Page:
Since Rule 90(B) limits incitement to those that commit contempt and the accused would not have been incited to commit contempt but rather to incite it, the alleged conduct of the accused would fall outside Rule 90(B), and (5) Finally, relying on the Appeals Chamber decision in Bemba et al that the falsity of the evidence of a witness is beyond anyone else’s control except the witness himself, the Defence argued that a person cannot be liable for incitement of a wholly autonomous choice. (MICT Joint Defence Motion Challenging Jurisdiction – Incitement)
Victims respond to TFV Board of Directors notification on activities in Uganda
On 25 January, the ICC’s Office of Public Counsel for Victims (OPCV) in her capacity as Common Legal Representative of victims in the Ongwen case and counsel representing victims in the Situation in Uganda, and Counsel of the OPCV representing victims in the Kony et al. case submitted their joint observations on the Trust Fund for Victims’ Notification dated 19 December 2018 (the Notification). On 24 December 2018, Pre-Trial Chamber II issued a Decision inviting the Office of Public Counsel for the Defence, the Defence for Mr Ongwen, the OPCV, the Legal Representatives in the Ongwen case and the Prosecution to submit their observations on the Notification by 25 January 2019. On 17 January 2019, the Prosecution filed its Observations on the Notification, supporting the undertaking of the six assistance projects identified by the TFV.
Counsel commended the TFV’s efforts and willingness to continue providing assistance to as many victims as possible in the Situation in Uganda. They submitted that the activities proposed in the Notification did not appear to pre-determine any issue to be ruled by the Court, nor violate the presumption of innocence or prejudice or appear inconsistent with the rights of accused and suspects and a fair and impartial trial. As such, counsel submitted that the Chamber should approve the proposed projects without delay to permit their prompt implementation by the Trust Fund for Victims (TFV).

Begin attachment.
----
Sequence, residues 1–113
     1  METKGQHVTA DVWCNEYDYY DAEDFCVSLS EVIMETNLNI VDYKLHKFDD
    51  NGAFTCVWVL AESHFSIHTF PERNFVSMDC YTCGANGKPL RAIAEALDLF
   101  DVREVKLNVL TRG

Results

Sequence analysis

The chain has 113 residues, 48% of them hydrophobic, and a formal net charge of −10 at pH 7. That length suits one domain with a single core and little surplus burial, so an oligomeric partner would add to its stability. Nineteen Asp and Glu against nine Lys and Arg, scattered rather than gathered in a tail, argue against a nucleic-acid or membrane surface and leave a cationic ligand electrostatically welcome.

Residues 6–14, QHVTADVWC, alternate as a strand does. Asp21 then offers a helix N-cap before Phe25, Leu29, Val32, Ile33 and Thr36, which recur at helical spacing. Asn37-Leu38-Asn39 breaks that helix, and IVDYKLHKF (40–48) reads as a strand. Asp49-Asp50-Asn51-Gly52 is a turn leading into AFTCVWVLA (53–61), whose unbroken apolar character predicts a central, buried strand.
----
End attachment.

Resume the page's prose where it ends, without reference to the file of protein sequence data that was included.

In additional comments for the consideration of the TFV, counsel suggested, among other things, that empowering communities who are in urgent need of assistance is of the utmost importance in order to ensure the sustainability of the TFV’s assistance program and its impacts, that the lessons learned from the activities conducted over the last 10 years should be assimilated and the appropriateness and responsiveness of the newly selected projects ensured. They noted that although it appeared that the security situation in Northern Uganda had improved, good practices for the protection of individuals benefiting from the projects to be implemented should nonetheless be put in place. (ICC Pre-trial Chamber II, Situation in Uganda)
South Africa’s Democratic Alliance to file an Article 15 communication to ICC Prosecutor concerning the situation in Zimbabwe
Amidst the escalating human rights situation in Zimbabwe, Mmusi Maimane, the leader of Democratic Alliance (DA), South Africa’s opposition party, issued an official statement in which he pledged to make “immediate interventions” to resolve the crisis. Mr Maimane, who also serves as chairman of the Southern African Partnership for Democratic Change intends to pay an official visit to the country and meet with Zimbabwe’s opposition leaders. Significantly, he indicated several “practical solutions” to address the dire situation in Zimbabwe. Besides a few measures which will be implemented domestically in South Africa via the national parliament, the statement highlighted the intention to engage the ICC as well as the UN. Firstly, the DA will seek to file a communication to the ICC Prosecutor and trigger Article 15 of the Rome Statute. Article 15 vests the Prosecutor with the right to initiate investigations proprio motu based on information suggesting that alleged crimes may fall within the ICC’s jurisdiction.
Furthermore, the DA will formally approach the UN Commissioner on Human Rights and the UN Human Rights Council to intervene in the ongoing crisis. In light of South Africa’s upcoming seat on the UN Security Council during 2019 and 2020, the party will request the country’s President Ramaphosa to implement the DA’s position and “advance liberal democracy and stand up for justice, freedom and human rights across the globe.” Since President Emmerson Mnangagwa came to power in 2018, Zimbabwe has been hit by a wave of unrest. According to NGOs active in the country, this has been met with lethal force, torture and arbitrary detentions. The Zimbabwe Human Rights Commission (ZHRC) issued a report towards the end of January 2019 alleging human rights violations reportedly committed by the police and the military. It estimated that at least 12 people have been killed and over 600 persons arrested. (Democratic Alliance official)